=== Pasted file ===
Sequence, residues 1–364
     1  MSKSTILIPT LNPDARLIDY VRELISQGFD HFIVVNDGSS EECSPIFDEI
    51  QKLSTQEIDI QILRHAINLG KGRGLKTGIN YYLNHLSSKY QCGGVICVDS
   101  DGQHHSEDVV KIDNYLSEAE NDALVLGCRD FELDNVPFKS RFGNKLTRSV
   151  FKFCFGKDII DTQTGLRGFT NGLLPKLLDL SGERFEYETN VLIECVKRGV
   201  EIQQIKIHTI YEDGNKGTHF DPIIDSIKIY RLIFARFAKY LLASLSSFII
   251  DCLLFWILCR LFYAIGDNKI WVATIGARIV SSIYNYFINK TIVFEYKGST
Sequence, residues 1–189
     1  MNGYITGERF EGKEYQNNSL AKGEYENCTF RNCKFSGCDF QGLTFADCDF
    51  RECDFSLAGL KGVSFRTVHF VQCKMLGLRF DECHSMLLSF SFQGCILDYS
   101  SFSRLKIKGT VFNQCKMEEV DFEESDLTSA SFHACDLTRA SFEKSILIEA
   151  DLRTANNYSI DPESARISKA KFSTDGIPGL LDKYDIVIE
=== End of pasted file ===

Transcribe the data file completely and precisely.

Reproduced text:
Sequence, residues 1–364
     1  MSKSTILIPT LNPDARLIDY VRELISQGFD HFIVVNDGSS EECSPIFDEI
    51  QKLSTQEIDI QILRHAINLG KGRGLKTGIN YYLNHLSSKY QCGGVICVDS
   101  DGQHHSEDVV KIDNYLSEAE NDALVLGCRD FELDNVPFKS RFGNKLTRSV
   151  FKFCFGKDII DTQTGLRGFT NGLLPKLLDL SGERFEYETN VLIECVKRGV
   201  EIQQIKIHTI YEDGNKGTHF DPIIDSIKIY RLIFARFAKY LLASLSSFII
   251  DCLLFWILCR LFYAIGDNKI WVATIGARIV SSIYNYFINK TIVFEYKGST
Sequence, residues 1–189
     1  MNGYITGERF EGKEYQNNSL AKGEYENCTF RNCKFSGCDF QGLTFADCDF
    51  RECDFSLAGL KGVSFRTVHF VQCKMLGLRF DECHSMLLSF SFQGCILDYS
   101  SFSRLKIKGT VFNQCKMEEV DFEESDLTSA SFHACDLTRA SFEKSILIEA
   151  DLRTANNYSI DPESARISKA KFSTDGIPGL LDKYDIVIE